Plaintiff's principle contention on this appeal relates to his alcoholism. Plaintiff contends, and the Secretary agrees, that chronic alcoholism can be disabling if it results in serious personality disorders as set forth in 20 C.F.R. App. I, § 12.04 or in a substantial physical impairment, Singletary v. Secretary of Health, Education and Welfare, 623 F.2d 217, 220 (2d Cir. 1980). However, if there is a continuing interrelationship between the excess consumption of alcohol and the disability, such that termination of the former will end the latter, the issue for the Secretary is whether the claimant has lost the voluntary ability to control his drinking. Adams v. Weinberger, 548 F.2d 239, 244 (8th Cir. 1977).


The ALJ found that plaintiff's seizures or black-out spells were alcohol induced. This finding was supported by the medical proof, and plaintiff himself conceded that he had seizures only when he drank. The record also shows that plaintiff voluntarily participated in alcohol treatment programs. For example, after plaintiff voluntarily entered the treatment program at Kingsboro Psychiatric Center in April 1977, he remained sober until May 1978. Within a week after he resumed drinking plaintiff voluntarily referred himself to the Kings County Hospital Center for further treatment.


Dr. Head, who examined plaintiff on November 13, 1979, described the plaintiff in much the same manner as had Dr. Meisel in 1977. Dr. Head said that plaintiff was alert and oriented, that his memory, comprehension and concentration were intact, and that there was no evidence of delusions, hallucinations, phobias, obsessions, compulsions, or psychosomatic difficulties. Plaintiff was able to travel around the city on his own, do his own chores and shopping, and attend to his own needs.


Dr. Head reported that plaintiff had been in an alcohol treatment program for six years and was then attending three to four times a week. He stated that plaintiff had been able to "at least overcome his alcoholism temporarily." Dr. Head felt that plaintiff needed to continue his treatment program and would benefit from vocational rehabilitation and guidance. He failed however "to find any evidence of major psychopathology which would totally preclude this patient from working at the present time."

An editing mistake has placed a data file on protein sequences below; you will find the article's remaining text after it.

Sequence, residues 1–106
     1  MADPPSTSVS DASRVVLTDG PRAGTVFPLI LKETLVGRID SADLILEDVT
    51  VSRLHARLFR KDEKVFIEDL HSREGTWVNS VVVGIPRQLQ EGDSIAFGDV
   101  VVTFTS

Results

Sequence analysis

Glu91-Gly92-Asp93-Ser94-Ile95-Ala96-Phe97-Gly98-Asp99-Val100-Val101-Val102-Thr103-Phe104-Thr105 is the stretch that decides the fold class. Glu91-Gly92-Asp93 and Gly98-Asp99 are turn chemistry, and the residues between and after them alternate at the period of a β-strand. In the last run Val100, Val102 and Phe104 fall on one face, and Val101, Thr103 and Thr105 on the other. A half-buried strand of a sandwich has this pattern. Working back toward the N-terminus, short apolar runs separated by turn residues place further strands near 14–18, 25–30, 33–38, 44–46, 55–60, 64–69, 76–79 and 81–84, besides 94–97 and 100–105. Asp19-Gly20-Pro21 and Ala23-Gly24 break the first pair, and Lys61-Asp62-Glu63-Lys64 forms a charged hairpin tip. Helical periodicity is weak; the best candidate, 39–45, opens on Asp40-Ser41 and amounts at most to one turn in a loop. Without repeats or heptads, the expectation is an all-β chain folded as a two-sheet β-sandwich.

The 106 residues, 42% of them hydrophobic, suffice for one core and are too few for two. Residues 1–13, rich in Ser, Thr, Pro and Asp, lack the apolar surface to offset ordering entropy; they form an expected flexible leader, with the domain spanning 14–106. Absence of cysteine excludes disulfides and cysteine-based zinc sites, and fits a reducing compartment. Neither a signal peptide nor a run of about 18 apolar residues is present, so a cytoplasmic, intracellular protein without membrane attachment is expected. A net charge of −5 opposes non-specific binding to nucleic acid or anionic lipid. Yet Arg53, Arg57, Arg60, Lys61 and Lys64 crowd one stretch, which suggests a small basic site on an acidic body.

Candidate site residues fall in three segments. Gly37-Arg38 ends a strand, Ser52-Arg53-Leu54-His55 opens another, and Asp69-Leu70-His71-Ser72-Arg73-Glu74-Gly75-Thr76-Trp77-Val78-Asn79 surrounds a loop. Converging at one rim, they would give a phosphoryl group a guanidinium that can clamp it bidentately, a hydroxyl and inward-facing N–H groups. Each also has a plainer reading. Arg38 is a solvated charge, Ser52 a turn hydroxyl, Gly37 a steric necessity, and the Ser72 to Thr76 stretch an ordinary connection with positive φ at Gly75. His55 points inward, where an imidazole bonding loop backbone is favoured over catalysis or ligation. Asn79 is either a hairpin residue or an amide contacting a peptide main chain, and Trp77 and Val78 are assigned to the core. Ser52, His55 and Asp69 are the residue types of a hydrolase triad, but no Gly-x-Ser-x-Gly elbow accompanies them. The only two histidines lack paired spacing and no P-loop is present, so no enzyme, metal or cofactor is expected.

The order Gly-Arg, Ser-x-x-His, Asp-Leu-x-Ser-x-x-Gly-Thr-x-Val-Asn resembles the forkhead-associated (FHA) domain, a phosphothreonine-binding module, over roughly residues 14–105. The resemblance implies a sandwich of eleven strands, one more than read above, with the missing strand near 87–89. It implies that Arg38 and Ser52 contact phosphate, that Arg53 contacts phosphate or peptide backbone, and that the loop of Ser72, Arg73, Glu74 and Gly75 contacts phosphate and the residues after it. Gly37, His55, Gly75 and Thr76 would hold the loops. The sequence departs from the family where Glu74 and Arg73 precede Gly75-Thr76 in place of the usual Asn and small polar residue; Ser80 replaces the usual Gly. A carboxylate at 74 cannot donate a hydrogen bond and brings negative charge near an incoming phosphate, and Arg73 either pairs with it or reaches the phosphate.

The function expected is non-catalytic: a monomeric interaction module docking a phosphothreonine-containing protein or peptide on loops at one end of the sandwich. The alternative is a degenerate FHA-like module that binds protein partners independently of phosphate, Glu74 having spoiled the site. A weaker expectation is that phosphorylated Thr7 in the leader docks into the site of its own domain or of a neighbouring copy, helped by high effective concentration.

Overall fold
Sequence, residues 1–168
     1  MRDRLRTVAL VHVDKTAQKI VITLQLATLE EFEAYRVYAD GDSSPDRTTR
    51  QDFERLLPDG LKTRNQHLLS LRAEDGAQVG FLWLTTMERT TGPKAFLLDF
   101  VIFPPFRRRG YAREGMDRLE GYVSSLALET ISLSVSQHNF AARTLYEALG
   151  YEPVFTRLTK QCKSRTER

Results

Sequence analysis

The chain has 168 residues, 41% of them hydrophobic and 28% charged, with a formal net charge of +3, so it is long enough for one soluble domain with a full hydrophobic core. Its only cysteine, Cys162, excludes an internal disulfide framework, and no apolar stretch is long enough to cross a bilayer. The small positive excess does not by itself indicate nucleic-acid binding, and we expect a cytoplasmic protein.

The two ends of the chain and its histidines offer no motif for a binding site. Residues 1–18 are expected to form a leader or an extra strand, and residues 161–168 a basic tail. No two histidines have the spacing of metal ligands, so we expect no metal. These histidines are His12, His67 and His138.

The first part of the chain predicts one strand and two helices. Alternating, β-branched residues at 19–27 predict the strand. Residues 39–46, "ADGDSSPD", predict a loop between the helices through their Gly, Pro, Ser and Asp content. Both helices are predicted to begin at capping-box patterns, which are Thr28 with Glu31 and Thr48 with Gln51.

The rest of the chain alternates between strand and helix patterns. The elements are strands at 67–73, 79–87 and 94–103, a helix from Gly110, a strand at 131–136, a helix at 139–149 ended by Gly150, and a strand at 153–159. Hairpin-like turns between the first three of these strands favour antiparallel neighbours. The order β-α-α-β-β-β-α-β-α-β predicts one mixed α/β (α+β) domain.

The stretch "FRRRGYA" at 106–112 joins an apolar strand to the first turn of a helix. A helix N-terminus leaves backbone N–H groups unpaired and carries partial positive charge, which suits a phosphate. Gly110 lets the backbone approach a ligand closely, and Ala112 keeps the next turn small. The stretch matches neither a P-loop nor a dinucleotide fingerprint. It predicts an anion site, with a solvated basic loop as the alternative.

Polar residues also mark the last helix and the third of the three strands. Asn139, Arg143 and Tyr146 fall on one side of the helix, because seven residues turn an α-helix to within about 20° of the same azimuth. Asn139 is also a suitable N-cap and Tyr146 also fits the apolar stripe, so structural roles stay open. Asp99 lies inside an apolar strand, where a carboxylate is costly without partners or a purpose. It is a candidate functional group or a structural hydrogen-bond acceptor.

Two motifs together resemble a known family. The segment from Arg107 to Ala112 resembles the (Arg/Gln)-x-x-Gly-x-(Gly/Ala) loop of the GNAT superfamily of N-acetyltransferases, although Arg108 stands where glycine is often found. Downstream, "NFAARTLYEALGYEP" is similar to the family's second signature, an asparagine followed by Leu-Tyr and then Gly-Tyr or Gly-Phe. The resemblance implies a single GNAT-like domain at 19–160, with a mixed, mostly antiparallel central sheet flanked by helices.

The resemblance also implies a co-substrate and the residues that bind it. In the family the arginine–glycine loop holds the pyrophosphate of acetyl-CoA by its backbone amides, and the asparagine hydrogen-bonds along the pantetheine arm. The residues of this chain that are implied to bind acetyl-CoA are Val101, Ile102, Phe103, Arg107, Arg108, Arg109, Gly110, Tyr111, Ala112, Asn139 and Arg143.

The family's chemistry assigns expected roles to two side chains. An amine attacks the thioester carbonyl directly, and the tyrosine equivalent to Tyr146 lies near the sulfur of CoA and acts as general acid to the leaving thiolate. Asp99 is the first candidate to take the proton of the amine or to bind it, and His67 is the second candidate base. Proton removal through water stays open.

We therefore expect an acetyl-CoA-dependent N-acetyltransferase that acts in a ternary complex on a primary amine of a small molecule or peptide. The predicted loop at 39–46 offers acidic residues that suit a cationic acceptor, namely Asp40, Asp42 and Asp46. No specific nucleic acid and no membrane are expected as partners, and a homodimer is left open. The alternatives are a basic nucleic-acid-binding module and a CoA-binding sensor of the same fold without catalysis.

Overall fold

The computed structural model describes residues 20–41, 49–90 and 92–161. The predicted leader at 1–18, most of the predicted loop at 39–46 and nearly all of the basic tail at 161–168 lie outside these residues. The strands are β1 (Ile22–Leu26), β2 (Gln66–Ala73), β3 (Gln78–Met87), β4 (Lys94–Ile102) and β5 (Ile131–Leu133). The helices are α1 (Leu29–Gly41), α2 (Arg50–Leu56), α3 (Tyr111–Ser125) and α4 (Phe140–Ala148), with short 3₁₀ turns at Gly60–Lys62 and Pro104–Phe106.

The ALJ, after referring specifically to Dr. Head's report, found that plaintiff had no significant secondary damage because of alcoholism, that his seizure disorder resulted from alcohol abuse, but that he was in an alcohol treatment program. He also found that, as of November 1979, plaintiff's "alcoholism and other impairments were not of a severity to significantly affect his capacity to perform basic work-related functions."


Dr. Geller, Medical Consultant for the Bureau of Disability Insurance, reported on January 8, 1980:


Claimant has a moderate impairment by virtue of his seizure disorder which is under far (sic) control since he has abstained from alcohol, however he should not work around heavy machinery or in situations where seizures may be hazardous to himself or others.


The ALJ also noted that plaintiff had diabetes, which was treated with oral medication, arthritis, hypertension and a mild respiratory disorder. He stated, however, that "medical evidence does not show that any of these conditions impose significant limitations upon the claimant's ability to perform basic work-related functions", and that, apart from the effects of alcohol abuse, there was an "absence of evidence of any other severe impairment." The ALJ made specific reference to plaintiff's complaints of pain, but obviously was not impressed. He noted plaintiff's concession that his only pain medication was Tylenol, a non-prescription drug that may be found in almost any family's medicine cabinet.


Following the hearing before the ALJ on May 14, 1980, plaintiff's attorney requested and was given two extensions of time in which to submit supplemental medical reports. The only report submitted was from the Bronx-Lebanon Hospital Center showing that plaintiff had reported to the Center on May 29, 1980, complaining of headaches. Plaintiff told the hospital staff that his headaches occurred three or four times a week and that each of them lasted three or four days. The report indicated that plaintiff's blood pressure was 1 30/88, which was hardly indicative of hypertension. The report contained no objective findings to explain the headaches or to justify a claim of disability resulting from them. Other hospital reports in the record give no greater support to plaintiff's claim of disabling pain. The ALJ was entitled to rely on these negative reports, on the equally negative reports of the doctors, and on his own evaluation of plaintiff's and his sister's credibility in determining whether plaintiff suffered such serious pain as to be disabled. Miles v. Harris, 645 F.2d 122, 124 (2d Cir. 1981).


We agree with Judge Cannella that the Secretary's determination was based on a thorough evaluation of the evidence and that there was substantial evidence to support it. The judgment appealed from is affirmed.